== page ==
While requesting accommodations for job interviews can be a deeply personal decision, it's important to know that these options exist to ensure a level playing field.
Common reasons candidates request accommodations includes things like: cognitive fatigue, difficulty processing information under stress, trouble thinking on their feet or responding in the moment, or difficulty focusing with someone watching them.
Larger employers may have established processes for interview accommodations, while smaller employers may be less familiar with the concept. It's understandable to have concerns about discrimination or unconscious bias, but knowing your options can help you accurately showcase your abilities during the interview process.
Interview accommodation ideas
Break up multi-round interviews. Instead of having 5 interviews in one day, request to have it broken up between 2 days.
Longer breaks between interviews to rest and regulate
Extended interview time, i.e. a 90 minute interview extends to a 2 hour interview. This can help if you need extra processing time
Request to have all questions in writing at the beginning of the interview and 5-10 minutes of processing time before interview starts.
Ability to turn camera off
For technical interviews - request to work without interruption or ask interviewers to turn their camera off if it causes a distraction.
Alternative interview format - instead of a panel, request separate 1:1 interviews
Request a support person to attend the interview, like a job coach
If your interview requires testing, you could request testing accommodations that helped you previously in school or college.
Questions to ask your recruiter:
Can you connect me to the right person to learn more about the process for requesting accommodations for my interview interview?
If I get an accommodation, how is this communicated to the interviewers? Will they be aware of my disability status or be given any medical information about me? Will they know I have an accommodation?
Are the interviewers given instruction or training on how to counter unconscious bias or not take the accommodation into consideration when evaluating my performance?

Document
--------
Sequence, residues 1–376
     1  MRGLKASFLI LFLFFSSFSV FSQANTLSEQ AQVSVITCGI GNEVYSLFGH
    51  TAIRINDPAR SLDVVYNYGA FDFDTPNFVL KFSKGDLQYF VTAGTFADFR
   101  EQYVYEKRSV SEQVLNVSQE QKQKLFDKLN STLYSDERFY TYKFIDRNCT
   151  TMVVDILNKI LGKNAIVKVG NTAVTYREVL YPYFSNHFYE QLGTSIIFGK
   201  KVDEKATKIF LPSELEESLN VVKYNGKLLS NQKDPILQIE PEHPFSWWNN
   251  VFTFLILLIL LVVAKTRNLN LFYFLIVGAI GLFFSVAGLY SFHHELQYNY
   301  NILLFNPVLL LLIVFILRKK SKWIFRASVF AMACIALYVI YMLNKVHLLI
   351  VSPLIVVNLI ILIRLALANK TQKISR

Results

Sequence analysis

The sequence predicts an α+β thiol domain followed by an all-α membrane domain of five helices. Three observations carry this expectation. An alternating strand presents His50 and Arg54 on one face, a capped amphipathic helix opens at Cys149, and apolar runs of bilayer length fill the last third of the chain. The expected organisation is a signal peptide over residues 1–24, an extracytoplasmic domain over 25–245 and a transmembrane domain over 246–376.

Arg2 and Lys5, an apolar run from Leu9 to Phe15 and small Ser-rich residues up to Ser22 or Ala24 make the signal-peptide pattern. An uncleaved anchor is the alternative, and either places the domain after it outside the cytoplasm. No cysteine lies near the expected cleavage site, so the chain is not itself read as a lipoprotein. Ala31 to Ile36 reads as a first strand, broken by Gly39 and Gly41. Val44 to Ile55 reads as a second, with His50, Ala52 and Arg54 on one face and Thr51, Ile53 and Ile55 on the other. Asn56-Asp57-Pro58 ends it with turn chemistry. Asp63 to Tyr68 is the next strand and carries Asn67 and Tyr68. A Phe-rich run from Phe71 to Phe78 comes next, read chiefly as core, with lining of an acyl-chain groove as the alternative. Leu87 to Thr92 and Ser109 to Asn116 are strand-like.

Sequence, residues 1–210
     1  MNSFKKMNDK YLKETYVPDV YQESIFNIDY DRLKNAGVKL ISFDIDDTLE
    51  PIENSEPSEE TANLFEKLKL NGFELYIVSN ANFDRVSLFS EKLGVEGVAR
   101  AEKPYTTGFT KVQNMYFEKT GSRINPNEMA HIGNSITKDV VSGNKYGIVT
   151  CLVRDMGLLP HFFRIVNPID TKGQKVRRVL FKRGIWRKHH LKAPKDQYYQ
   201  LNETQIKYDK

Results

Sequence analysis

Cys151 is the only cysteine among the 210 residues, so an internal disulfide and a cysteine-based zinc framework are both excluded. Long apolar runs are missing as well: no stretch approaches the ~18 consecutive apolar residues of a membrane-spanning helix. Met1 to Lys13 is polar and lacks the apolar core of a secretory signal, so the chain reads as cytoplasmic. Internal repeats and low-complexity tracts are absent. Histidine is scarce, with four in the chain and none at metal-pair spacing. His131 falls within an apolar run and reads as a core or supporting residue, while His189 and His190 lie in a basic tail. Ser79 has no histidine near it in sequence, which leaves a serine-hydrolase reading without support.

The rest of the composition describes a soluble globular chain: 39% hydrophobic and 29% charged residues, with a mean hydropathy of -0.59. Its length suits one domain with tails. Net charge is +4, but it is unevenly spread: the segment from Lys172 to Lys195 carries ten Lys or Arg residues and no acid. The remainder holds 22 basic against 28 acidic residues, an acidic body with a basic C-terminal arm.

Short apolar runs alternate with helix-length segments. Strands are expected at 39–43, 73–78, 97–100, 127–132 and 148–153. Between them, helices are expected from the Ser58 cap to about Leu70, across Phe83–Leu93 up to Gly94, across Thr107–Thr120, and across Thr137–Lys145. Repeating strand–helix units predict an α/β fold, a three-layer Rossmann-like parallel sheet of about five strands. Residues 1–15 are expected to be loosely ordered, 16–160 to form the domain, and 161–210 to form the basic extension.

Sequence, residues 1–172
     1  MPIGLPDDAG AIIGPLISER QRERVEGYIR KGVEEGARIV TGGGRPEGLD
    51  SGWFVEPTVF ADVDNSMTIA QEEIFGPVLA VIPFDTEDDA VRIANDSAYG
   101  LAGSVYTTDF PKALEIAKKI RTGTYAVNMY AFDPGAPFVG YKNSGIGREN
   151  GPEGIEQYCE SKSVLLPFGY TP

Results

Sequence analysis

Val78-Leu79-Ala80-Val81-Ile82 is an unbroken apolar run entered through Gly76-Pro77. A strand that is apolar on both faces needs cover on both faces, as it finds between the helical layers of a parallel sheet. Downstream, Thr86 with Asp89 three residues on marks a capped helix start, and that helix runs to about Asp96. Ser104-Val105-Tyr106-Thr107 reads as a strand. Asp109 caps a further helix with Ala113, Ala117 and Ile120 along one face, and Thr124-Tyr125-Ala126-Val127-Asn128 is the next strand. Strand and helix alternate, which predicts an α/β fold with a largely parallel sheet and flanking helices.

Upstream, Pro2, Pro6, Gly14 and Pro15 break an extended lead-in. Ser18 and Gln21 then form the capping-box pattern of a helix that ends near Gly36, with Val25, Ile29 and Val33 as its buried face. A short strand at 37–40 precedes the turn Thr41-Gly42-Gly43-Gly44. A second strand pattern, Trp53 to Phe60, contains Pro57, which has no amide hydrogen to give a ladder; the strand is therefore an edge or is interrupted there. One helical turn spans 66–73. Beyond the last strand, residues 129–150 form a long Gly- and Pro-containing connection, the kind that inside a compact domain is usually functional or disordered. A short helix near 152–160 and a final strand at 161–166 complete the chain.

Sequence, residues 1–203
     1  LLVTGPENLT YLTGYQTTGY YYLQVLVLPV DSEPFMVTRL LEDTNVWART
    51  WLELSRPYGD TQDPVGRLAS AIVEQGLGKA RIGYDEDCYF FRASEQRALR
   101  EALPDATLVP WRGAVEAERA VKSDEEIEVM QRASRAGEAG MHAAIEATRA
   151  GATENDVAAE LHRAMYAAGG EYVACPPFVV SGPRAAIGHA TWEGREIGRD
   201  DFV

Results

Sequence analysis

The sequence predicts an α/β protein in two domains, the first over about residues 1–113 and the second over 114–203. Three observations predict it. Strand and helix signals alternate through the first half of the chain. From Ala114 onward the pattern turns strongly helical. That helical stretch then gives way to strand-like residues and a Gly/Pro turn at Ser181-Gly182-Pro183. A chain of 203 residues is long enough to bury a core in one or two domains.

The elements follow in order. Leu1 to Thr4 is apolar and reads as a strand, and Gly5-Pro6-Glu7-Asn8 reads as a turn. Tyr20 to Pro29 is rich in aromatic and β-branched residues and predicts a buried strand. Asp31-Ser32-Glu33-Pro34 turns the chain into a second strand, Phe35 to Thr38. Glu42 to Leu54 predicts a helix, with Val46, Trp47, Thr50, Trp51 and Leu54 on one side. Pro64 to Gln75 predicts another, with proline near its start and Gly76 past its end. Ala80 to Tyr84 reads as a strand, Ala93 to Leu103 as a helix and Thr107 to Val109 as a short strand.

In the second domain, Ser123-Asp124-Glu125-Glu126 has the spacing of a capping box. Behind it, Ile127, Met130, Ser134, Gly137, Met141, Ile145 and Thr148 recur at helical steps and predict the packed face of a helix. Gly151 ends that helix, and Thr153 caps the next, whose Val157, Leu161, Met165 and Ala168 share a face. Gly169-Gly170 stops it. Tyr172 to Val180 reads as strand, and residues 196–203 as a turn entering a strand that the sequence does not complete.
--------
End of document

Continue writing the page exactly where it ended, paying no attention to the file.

Do you require me to provide medical documentation for my accommodation request? If so, how will this information be kept confidential?
Alternatives to accommodations:
If you don't want to request formal accommodations, you can still advocate for your preferences to your interviewers. Here are some examples:
"Would it be possible to have a few minutes to stretch my legs and get some water before we start the next part of the interview? I find it helps me focus better."
"I'm a bit sensitive to noise, would it be okay if we closed the door or moved to a quieter area for the interview?"
"I have a visual impairment, so it would be helpful if we could increase the font size on any written materials you give me."
"I find it easier to understand questions when they are presented in writing, would it be possible to structure the interview in that way?"
"I have a medical condition that requires me to take breaks every hour or so, would that be okay with you? I can make up the time at the end if needed."
“Part of my interview process involves reading the question and writing down a few thoughts before answering. Is that okay with you today?”
"It will be easier for me to focus if I don't get interrupted. Do you mind if we go on mute for 5 minutes while I work through this coding problem?"
Stanford created an awesome guide on accommodations during the hiring process if you want to learn more.
Are you looking for help in your job search or interview process? Schedule a consultation with me today!